Crowdfunding Apr12

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Crowdfunding

With today’s rapidly advancing technology, innovation comes hard and fast. It’s no surprise people are finding new ways to sell things, but for many, it’s not about greed. New ways to buy and sell electronic goods have reached a new wave of consumers. Possibly more important than that, though, is the new opportunities brought to independent artists and developers.

Crowdsourcing is a powerful new tool. Thanks to websites like Kickstarter, anyone from big-name studios to garageband projects can hit it big. Some projects get funded due to previously established fanbases, such as Torment: Tides of Numenera, inspired by the widely-acclaimed Planescape: Torment. Due to the all-star list of developers and the unanimous acclaim for the original game, Torment has raised over $3.3 million dollars – over three times the original goal of $900,000.

To encourage people to donate further, “stretch goals” are commonly added. The Indiegogo page for the indie fighter Skullgirls ended up raising almost $700,000 more than their original bid, mostly due to their stretch goals. For every goal donors reached, another character, stage, or voice pack was right around the corner. Originally, the goal was to get one additional character. By the end, Skullgirls players are set to receive six new characters, eight voice packs, and four new stages. The many milestones keep momentum behind the project moving instead of letting support taper off after the initial goal is met.

Indie projects can also gain massive support through offering rewards to donors depending on how much they gave. The Homestuck game’s Kickstarter had the benefit of a massive fanbase, especially among teens, but the high-quality rewards played an enormous part in garnering almost $2.5 million. There were sixteen reward tiers. Starting at $15. Donors received a digital copy of the game. For $155, a deck of special Homestuck tarot cards were included with a tote bag, pins, a shirt, pins, stickers, the game, and its soundtrack. For $10,000, the donor’s fanmade character would become canon. Creative and quirky rewards are a great way to entice people to donate more than they’d initially think to.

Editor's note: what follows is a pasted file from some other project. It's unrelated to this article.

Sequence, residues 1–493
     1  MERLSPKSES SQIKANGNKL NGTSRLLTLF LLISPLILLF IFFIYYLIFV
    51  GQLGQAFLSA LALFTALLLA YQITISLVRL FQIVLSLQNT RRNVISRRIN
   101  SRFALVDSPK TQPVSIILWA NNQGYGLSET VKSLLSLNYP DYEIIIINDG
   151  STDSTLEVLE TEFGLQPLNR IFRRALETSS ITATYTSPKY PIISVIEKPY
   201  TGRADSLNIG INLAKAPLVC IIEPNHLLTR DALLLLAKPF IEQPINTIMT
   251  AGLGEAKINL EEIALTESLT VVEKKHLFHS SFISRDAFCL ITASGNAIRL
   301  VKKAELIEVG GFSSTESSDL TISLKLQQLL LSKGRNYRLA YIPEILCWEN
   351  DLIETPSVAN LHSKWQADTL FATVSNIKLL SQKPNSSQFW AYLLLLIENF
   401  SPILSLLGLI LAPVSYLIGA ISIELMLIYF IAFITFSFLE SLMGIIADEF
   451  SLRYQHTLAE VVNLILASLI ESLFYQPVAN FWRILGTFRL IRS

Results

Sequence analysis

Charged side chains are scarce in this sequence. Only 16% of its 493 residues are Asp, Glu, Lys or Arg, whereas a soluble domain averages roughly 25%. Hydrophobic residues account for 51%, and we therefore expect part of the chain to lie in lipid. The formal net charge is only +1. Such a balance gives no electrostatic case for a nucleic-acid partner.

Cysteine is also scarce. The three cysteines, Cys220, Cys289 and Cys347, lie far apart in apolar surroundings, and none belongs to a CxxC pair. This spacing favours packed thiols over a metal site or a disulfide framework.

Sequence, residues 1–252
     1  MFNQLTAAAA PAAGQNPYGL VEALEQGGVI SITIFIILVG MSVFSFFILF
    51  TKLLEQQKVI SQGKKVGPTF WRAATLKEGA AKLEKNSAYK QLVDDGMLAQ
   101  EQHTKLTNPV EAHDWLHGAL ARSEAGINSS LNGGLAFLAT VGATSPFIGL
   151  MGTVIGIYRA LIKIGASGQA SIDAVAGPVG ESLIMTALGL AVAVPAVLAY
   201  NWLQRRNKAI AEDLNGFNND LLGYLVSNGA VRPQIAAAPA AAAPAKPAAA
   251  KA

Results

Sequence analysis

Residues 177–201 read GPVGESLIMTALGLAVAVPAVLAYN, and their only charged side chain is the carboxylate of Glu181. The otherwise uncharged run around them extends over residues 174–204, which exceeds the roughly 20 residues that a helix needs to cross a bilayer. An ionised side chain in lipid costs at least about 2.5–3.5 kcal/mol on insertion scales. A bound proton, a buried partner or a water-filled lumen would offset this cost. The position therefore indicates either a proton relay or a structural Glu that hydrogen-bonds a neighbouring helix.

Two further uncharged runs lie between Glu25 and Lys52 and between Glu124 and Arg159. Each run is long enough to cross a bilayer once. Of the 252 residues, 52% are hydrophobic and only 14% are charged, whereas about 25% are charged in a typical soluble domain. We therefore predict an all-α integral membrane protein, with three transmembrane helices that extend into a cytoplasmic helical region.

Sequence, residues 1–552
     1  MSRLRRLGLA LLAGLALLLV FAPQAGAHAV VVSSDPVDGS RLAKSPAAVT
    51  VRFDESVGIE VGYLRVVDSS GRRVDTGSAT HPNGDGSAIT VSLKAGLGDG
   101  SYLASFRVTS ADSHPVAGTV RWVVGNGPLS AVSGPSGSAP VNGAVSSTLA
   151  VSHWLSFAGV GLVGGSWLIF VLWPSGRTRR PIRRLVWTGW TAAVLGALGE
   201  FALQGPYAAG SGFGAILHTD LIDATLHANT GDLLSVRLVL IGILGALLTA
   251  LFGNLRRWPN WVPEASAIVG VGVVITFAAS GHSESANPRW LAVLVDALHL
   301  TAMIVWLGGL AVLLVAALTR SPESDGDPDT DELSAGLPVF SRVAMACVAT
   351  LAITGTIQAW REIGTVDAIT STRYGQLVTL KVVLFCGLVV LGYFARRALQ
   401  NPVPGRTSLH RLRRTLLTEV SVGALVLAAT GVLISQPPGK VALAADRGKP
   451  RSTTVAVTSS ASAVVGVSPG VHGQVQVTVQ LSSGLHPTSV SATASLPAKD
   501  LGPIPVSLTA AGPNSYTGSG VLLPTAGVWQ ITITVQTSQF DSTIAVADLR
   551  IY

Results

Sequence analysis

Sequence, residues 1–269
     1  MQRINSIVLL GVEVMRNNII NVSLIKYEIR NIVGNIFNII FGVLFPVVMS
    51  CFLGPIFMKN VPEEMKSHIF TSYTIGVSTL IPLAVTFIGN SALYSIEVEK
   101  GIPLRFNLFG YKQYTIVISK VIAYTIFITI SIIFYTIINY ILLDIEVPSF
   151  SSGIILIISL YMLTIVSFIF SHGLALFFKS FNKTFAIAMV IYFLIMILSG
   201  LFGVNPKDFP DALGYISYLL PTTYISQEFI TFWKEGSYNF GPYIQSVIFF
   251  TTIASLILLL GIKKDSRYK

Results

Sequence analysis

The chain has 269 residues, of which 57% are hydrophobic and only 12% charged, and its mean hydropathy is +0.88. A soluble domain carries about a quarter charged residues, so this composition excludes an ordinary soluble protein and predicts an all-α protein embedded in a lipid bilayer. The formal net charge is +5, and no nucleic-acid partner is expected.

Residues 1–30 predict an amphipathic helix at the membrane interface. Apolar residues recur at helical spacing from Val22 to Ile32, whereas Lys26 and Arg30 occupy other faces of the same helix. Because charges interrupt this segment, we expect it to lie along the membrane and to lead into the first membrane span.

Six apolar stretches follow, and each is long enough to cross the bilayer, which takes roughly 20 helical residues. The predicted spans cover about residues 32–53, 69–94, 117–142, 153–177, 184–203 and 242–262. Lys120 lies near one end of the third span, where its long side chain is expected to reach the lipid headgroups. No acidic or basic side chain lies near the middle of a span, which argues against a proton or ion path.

Starting slow with Steam in 2003, digital distribution has ballooned out remarkably. It’s a win-win for both producers and consumers. The only price for each individual unit is bandwidth, and the online aspect makes it far more conducive to impulse purchases. For consumers, the negligible production costs allow for frequent exorbitant deals along with alleviating any necessary travel. It’s a lot easier to justify spending $10 on a 75% off blockbuster rather than $60, especially for people without disposable income.

Small-time producers may benefit the most from digital distribution. Bandcamp, for example, allows musicians to host albums for free, only taking 15% from album sales. Artists can put any price on their music, or they can leave the price up to the buyer. It may seem counter-productive on paper; after all, it seems mathematically obvious people will just pay the minimum. The creators of the Humble Bundle believe otherwise. Humble Bundles are pay-what-you-want packages of, on average, five to seven games. Soundtracks are included with every purchase, along with versions for Windows, Mac and Linux. The majority of customers only pay between five and fifteen dollars, but it’s still incredibly lucrative. Comprised of nine games and Indie Game: The Movie, the latest bundle raised over $2.5 million in two weeks. Over the past three years, Humble Bundles have made over $35.5 million with a fair portion heading to charity. While the bundles may be humble, there’s nothing modest about that kind of success.
Inventive new methods of buying and selling are opening the market up to previously excluded groups. Artists who would have to struggle for funding are reaching out to fans and followers for support. Meanwhile, others are expanding to new audiences through new pricing models and styles. Supporting independent artists has never been so simple.

Written by Will Uhl